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1985 Eldorado Biarritz Convertible, Sable Black, HT4100
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Discussion Starter #1
So I hit the brakes yesterday and the travel increased noticeably and suddenly. Stopping power seemed diminished. Parked in mom's driveway, saw nothing wrong at the master cylinder, almost full with fluid. Drove very slowly to the nearest garage. Mechanic put it up on the lift and pointed at a black puddle on the floor under the rear right caliper. "That's your brake fluid," he said. The brake line/pipe ruptured somewhere between the caliper and whatever junction it goes to. Found out later I left brake fluid puddles in my mom's driveway. Not good.

Garage replaced that brake line, said it was about 2 feet of line between the rear right caliper and a brake hose, and also replaced my master cylinder (I knew that was going bad and I had previously planned on getting that replaced today. But new mechanic noticed it had started leaking fluid, so he took care of that too). Mechanic said the same brake line on the left side is rusty looking and should be replaced. Front lines look okay but not great, he said.

I figure I should just take care of the whole brake hydraulic system, lines and hoses. What are my options? Sounds like the labor cost is gonna be high, which makes sense for custom bent and fitted lines. Questions:

1) Are pre-bent lines worth consideration? That could save a ton of money in theory. I see them listed at $155-$190 at USA Parts Supply and InlineTube.com:

USA Parts Supply here on page 12 [actually page 15]: http://www.usapartssupply.com/uploads/USA_PARTS_1971-1985_Cadillac_Catalog.pdf

InlineTube here: http://inlinetube.com/Preformed%20Lines/Web%20Line%20Listings/CA-CAT-06.htm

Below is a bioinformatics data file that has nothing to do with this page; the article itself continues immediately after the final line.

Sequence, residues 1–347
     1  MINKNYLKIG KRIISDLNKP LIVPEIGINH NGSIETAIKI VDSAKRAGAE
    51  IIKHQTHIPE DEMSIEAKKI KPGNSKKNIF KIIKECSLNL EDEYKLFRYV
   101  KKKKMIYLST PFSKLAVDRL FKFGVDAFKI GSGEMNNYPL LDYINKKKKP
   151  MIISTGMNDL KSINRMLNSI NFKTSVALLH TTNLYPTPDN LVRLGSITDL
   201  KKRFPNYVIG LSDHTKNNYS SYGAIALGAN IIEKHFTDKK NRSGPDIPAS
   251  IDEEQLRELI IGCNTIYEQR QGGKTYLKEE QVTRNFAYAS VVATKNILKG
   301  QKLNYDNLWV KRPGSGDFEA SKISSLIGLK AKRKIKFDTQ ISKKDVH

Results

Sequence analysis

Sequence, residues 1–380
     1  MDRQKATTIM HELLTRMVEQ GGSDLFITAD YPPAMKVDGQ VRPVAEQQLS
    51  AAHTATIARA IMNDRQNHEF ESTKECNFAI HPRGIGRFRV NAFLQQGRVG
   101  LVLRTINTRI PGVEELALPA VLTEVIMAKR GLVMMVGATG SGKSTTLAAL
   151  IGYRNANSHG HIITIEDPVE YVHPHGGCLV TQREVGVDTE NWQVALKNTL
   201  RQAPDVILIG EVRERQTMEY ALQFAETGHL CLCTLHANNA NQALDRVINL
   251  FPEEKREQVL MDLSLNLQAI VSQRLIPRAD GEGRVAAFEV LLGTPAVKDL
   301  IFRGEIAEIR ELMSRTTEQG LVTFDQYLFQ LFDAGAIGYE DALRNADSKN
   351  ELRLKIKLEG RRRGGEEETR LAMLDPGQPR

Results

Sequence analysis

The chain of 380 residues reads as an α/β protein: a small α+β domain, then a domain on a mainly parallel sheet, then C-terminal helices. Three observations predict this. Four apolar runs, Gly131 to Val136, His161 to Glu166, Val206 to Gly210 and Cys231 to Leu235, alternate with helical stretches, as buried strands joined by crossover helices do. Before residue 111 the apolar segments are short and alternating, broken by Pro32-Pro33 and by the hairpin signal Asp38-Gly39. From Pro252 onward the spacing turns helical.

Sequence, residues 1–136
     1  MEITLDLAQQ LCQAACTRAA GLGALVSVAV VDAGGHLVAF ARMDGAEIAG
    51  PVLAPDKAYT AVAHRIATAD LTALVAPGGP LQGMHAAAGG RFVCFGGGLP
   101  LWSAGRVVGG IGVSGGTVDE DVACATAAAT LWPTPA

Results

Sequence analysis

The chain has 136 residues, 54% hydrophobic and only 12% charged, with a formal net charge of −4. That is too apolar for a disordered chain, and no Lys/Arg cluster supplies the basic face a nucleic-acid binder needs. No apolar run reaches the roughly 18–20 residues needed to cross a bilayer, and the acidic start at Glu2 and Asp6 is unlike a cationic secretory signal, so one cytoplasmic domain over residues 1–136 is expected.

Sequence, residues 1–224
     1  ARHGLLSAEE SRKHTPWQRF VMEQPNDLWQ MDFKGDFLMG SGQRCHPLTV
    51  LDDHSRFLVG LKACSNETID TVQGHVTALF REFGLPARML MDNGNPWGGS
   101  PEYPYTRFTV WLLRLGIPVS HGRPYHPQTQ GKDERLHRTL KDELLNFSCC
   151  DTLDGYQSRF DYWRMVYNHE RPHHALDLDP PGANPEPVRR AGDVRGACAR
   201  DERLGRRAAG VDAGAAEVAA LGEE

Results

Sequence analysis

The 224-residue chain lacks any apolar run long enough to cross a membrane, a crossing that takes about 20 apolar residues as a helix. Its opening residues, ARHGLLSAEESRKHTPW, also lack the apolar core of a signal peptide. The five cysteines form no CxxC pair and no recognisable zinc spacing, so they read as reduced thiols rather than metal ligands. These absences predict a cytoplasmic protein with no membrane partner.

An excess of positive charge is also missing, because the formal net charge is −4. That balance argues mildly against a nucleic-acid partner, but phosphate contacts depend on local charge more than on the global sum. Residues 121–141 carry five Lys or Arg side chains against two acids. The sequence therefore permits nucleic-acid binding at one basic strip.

I recall I saw a Parts & Illustrations Catalog part list once (can't find it now) that said "cut x-size pipe to fit" so I assume that's how the dealers would have done it. Mechanic who just replaced my line segment said if I ordered the pre-bent, pre-cut lines, he'd try to make them work, but he said in his experience they often are the wrong length and need to be re-bent to fit. Is that true? Anyone have experience with pre-bent, pre-cut brake lines from those two places or other places?

2) What should it cost for custom lines and hose replacement? Mechanic who just did my line segment gave me an estimate of $900 parts and labor for custom lines and new hoses. I wouldn't hire him for the job, his garage is a basic gas-station-plus type shop that mostly does state car inspections. But I was curious what his estimate would be. I also called a high-priced recommended shop and they said it would cost about $1700 for a custom job, and they didn't even want the work because they're so busy. (And in case you're wondering, I don't want to DIY this. I'd have no idea what I'd be doing.)

3) There are two pipes coming out of my master cylinder. What happens between those two and my front and rear calipers? I really don't know. Master cylinder, lines/pipes, a hose, more lines/pipes, then caliper?